The Globe Post
News That Matters

Russia’s Zapad Drill Will Help NATO Judge Moscow’s Military Strength

American newspaper editor Horace Greeley once said, “go west young man,” urging Americans to pursue westward expansion. Russia has taken the motto quite literally lately, as Moscow recently began war games with Belarus, dubbed Zapad 2017.

Zapad, meaning West, is a massive military exercise held from September 14-20. The drill takes place every four years and involves thousands of Russian and Belarusian military and civilian personnel.

Russian authorities said about 12,700 troops are participating in the exercise this year, along with some 70 aircraft and helicopters, 250 tanks, multiple mortars, and 10 warships.

The 2017 exercise imagines that Belarus and the Russian city of Kaliningrad were infiltrated by extremist groups that seek to commit terrorist attacks, and the servicemen have to go through simulated situations to address the threat, according to the Russian Defense Ministry.

Western observers have suggested that the actual number personnel involved is much higher. The Ukrainian Ministry of Defense estimated the number of participants at 230-240,000, while German Minister of Defense Ursula Von-der-Leyen said she expected 100,000 troops to be involved.

Michael Kofman, Senior Research Scientist at CNA and a Fellow at the Wilson Center, told The Globe Post the varying numbers may stem from the fact that Zapad is not a single exercise, but a series of simultaneous drills across Russia and Belarus.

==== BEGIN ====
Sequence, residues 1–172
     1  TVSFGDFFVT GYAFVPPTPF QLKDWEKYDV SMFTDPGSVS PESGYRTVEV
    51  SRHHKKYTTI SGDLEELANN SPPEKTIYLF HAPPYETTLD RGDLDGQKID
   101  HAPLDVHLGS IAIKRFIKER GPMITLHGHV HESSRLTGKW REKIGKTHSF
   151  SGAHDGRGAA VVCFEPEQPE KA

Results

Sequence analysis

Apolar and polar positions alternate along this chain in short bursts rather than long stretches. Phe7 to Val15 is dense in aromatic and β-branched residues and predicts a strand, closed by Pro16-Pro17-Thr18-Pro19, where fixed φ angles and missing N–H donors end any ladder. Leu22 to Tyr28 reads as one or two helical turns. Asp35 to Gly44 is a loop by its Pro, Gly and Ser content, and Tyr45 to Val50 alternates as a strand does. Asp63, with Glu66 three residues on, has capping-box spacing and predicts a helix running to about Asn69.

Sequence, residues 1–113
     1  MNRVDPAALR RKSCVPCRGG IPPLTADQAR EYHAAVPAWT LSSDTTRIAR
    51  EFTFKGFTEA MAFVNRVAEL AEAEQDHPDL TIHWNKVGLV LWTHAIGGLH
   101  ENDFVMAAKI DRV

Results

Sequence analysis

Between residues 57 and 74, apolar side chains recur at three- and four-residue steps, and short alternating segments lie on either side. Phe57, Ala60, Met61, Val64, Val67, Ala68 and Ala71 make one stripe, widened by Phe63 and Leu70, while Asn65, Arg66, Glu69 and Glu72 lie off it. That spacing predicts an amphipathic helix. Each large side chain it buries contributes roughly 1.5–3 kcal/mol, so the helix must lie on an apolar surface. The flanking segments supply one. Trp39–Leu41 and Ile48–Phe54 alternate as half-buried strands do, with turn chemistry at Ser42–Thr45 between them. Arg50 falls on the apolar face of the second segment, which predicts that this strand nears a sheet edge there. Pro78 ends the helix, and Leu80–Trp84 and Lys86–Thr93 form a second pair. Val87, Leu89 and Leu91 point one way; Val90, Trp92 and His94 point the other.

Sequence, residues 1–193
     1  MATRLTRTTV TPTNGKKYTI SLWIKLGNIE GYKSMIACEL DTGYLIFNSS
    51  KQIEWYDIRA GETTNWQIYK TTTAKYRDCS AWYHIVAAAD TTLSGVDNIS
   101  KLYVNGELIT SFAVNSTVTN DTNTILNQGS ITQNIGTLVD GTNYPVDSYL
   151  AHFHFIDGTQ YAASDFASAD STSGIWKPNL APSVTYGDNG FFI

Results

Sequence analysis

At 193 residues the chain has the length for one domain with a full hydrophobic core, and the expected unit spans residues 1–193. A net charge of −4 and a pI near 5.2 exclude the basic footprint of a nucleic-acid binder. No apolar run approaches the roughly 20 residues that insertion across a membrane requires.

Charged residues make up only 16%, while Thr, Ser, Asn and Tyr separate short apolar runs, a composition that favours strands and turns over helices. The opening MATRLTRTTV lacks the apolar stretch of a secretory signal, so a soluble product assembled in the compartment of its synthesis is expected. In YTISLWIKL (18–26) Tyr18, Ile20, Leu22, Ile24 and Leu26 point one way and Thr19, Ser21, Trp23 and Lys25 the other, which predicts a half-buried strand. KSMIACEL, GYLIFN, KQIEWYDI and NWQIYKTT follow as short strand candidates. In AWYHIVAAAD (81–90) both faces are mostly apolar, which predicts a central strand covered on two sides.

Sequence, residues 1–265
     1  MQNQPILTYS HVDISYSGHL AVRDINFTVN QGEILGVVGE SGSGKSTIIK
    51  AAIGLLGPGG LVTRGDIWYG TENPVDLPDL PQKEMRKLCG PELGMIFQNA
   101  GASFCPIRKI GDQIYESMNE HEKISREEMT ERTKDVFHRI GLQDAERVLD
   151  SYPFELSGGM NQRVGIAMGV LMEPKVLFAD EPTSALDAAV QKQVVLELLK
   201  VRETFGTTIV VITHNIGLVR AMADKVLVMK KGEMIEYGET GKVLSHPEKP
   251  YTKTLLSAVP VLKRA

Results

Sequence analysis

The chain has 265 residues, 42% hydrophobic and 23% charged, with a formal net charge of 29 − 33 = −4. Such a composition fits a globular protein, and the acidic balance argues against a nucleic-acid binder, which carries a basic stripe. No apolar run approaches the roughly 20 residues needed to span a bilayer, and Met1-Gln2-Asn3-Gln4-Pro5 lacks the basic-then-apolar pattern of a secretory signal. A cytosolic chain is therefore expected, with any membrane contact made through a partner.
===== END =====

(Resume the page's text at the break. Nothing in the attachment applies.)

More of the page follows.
“The real figure of forces expected to participate in the immediate region is likely more 65,000-70,000,” Mr. Kofman said.

“Beyond that estimates can vary widely depending on how you count actual participation, with the final number potentially exceeding 100,000. Most of the numbers currently announced are factually baseless, especially the sensational Ukrainian figures, since there is nothing to substantiate them. The real answer is nobody knows what the ultimate size of the exercise will be.”

Simon Saradzhyan, the founding director of the Russia Matters Project at Harvard Kennedy School’s Belfer Center for Science and International Affairs, told The Globe Post that unlike Russia’s figures, the “Western estimates include personnel from other agencies – possibly including border guards and troops from the ministries of interior and emergency situations.”

Mr. Saradzhyan said by carrying out the exercise, Russia is not only seeking to improve its military preparedness for conflict with NATO or other potential adversaries, but it also wants to “warn ‘disloyal’ neighbors against ‘escaping’ to the West.”

“The exercise is a continuation of military signaling going back to Zapad-1999, and is part and parcel of the same set of concerns in Moscow that the West might attempt regime change in its ally Belarus,” Mr. Kofman added.

Estimated to be the biggest military undertaking by armed forces since the Cold War, the exercise has become the cause of concern for NATO.

“We have seen over years a pattern by Russia – more exercises, more investments in military capabilities, and also the use of force against a neighbor in Ukraine,” the alliance’s Secretary General Jens Stoltenberg said. He has also urged greater transparency of the operations.